The market continues its remarkable recovery from March lows. The short-term outlook from many is that it could continue—Barry Ritholtz explains why in this post on his site. The long-term outlook for the markets and the economy is a lot less clear, but certainly colored by the gloomy forecasts of some well-known players.
The stance of David Rosenberg, for one, the Gluskin Sheff economist who has said repeatedly for months that stocks are overvalued, can be explained in this one quote from his daily missive, Breakfast with Dave: “Our major strategy remains one of steadfastly focusing on risk-adjusted returns, respecting capital preservation and the need for income in the portfolio… portfolios have to be protected against the prospect of a much more pronounced depreciation of the U.S. dollar.”
Rosenberg says the U.S. clearly wants to devalue its currency and nothing will stop it from doing so. He recommends reading this story from the weekend FT for more on this topic. And he offers this side bit of advice: “Buy Gold.” And if you still believe Treasure Secretary Tim Geithner when he says the U.S. wants a “strong dollar,” read this story from the Wall Street Journal (subscription required).
Whitney Tilson, the founder of hedge fund T2 Partners and author of More Mortgage Meltdown, has been telling anyone who will listen for months that housing is still a depressed sector and any improvements we’re seeing are fleeting. He calls the 4 percent improvement in prices (according to Case Schiller’s index) since April “the mother of all head fakes.” The market is being propped up by the first time home buyer tax credit, falling prices and seasonality, among other things, he says. Here he is in an interview with Henry Blodgett (yes, that Henry Blodgett, of Merrill “fame”) on Tech Ticker reiterating this point.
And just in case this market rally has your spirits a little too far into positive territory, John Mauldin’s Outside the Box newsletter for this week is the perfect way to bring you down a notch. (Mauldin will be appearing on Registered Rep. Editor-in-Chief’s Coffee Break webinar on Thursday, 15 October; to sign up to listen in and ask questions, hit the Coffee Break button on the RR website). As Mauldin often writes, grab a stiff drink and have a seat before reading. This week, Mauldin comes via Hoisington Investment Management, which offers its thoughts on the third quarter and the outlook for the markets and the economy going forward. Here’s a snippet: “Our present situation appears to mirror the exact sequence of events that occurred in previous depressions. This suggests that our current ‘great recession’ may morph into a more serious and elongated downward business cycle.”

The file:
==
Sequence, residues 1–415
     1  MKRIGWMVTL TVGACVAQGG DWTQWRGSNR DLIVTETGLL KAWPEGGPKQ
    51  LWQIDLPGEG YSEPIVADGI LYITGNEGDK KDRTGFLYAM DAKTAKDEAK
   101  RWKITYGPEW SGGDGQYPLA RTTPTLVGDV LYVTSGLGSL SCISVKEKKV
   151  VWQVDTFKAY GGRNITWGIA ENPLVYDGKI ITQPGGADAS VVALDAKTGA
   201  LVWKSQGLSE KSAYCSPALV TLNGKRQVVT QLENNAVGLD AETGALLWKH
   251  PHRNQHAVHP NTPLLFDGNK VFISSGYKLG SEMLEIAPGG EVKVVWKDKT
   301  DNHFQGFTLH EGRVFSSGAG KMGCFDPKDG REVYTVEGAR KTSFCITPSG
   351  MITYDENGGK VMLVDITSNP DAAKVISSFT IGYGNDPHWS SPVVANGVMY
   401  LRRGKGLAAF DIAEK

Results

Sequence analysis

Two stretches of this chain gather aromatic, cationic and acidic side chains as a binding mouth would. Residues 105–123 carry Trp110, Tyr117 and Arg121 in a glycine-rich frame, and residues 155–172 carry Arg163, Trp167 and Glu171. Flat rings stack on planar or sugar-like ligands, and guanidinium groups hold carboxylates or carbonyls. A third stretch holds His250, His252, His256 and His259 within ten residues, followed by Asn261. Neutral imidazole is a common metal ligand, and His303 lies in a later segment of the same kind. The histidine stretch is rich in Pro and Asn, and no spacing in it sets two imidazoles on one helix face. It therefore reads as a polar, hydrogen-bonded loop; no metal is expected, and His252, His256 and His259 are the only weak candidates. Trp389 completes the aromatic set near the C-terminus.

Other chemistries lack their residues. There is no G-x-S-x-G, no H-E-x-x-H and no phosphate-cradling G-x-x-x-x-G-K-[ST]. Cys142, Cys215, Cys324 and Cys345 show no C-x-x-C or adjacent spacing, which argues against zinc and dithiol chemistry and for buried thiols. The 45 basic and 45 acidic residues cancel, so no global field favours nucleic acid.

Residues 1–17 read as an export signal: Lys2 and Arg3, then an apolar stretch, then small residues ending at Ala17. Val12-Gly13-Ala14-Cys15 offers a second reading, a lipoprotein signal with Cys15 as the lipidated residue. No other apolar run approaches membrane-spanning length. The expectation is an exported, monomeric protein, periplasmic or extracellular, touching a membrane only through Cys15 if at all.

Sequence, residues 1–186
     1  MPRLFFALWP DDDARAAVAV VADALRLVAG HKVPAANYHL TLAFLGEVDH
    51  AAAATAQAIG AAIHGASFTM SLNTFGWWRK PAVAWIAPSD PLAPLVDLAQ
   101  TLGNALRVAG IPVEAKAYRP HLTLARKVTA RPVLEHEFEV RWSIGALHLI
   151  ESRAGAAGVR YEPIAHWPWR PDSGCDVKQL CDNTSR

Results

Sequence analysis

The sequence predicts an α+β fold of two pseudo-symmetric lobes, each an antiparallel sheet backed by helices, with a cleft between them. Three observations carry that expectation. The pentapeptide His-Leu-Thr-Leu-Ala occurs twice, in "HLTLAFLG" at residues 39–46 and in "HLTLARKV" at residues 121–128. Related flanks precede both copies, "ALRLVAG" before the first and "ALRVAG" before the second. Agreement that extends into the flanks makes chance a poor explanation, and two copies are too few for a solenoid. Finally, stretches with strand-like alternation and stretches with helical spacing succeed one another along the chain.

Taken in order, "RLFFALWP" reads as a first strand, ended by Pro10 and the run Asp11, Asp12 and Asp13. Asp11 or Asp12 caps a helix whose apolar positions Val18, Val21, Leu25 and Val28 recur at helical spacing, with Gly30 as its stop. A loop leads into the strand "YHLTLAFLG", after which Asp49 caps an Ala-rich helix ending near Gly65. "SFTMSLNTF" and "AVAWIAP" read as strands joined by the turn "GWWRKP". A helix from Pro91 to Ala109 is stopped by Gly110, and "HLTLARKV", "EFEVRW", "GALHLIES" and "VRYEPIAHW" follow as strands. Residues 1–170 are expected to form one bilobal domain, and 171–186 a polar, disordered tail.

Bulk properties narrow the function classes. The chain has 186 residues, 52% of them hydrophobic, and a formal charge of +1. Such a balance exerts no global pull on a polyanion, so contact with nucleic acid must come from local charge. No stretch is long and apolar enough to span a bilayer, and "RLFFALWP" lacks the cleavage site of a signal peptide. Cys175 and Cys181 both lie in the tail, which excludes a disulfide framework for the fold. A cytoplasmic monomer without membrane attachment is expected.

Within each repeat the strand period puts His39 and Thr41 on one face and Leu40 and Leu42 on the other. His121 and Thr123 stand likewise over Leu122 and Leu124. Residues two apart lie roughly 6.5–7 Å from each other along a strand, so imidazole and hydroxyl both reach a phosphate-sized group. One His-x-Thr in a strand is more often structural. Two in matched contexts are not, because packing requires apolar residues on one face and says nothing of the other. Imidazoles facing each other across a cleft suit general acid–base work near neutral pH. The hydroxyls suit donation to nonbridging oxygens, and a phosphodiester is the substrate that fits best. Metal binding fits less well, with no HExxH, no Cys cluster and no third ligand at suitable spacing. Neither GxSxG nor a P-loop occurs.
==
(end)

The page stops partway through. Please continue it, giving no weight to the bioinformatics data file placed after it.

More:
(Incidentally, Barry Ritholtz will also be a guest on Registered Rep.’s Coffee Break, an interactive webinar. Ritholtz is scheduled for November 12th.)
Moving to the other side of the world, many people have been voicing concern over China’s economic stability in recent months. Morgan Stanley analyst Andy Xie has been regularly explaining in detail why China is a bubble waiting to burst. In this column Xie makes the case that China could be paving the way for another crisis like the one that rocked Asian in 1997: “Property prices in Southeast Asia became higher than those in the US, but ‘experts’ and government officials had stories to explain it, even though their per capita income was one-tenth that of the US. Their banks also commanded huge market capitalizations, as financial markets extended their growth ad infinitum. The same thing is happening in China today.
“When something seems too good to be true, it is. World trade — the engine of global growth — has collapsed. Employment is still contracting throughout the world. There are no realistic scenarios for the global economy to regain high and sustainable growth.
“China is an export-driven economy. Bank lending can support the economy for a short time, however, stocks are as expensive as during the heydays of the last bubble. Like all previous bubbles, this one, too, will burst.”
For a less dire view, Jim Rogers says China—and Asia especially—are still looking better than the U.S. long-term.
Finally, on a lighter note, the New York Post has some humorous coverage of “The Ponze,” Bernie Madoff, here in his first prison scuffle with another elderly inmate, apparently over stocks.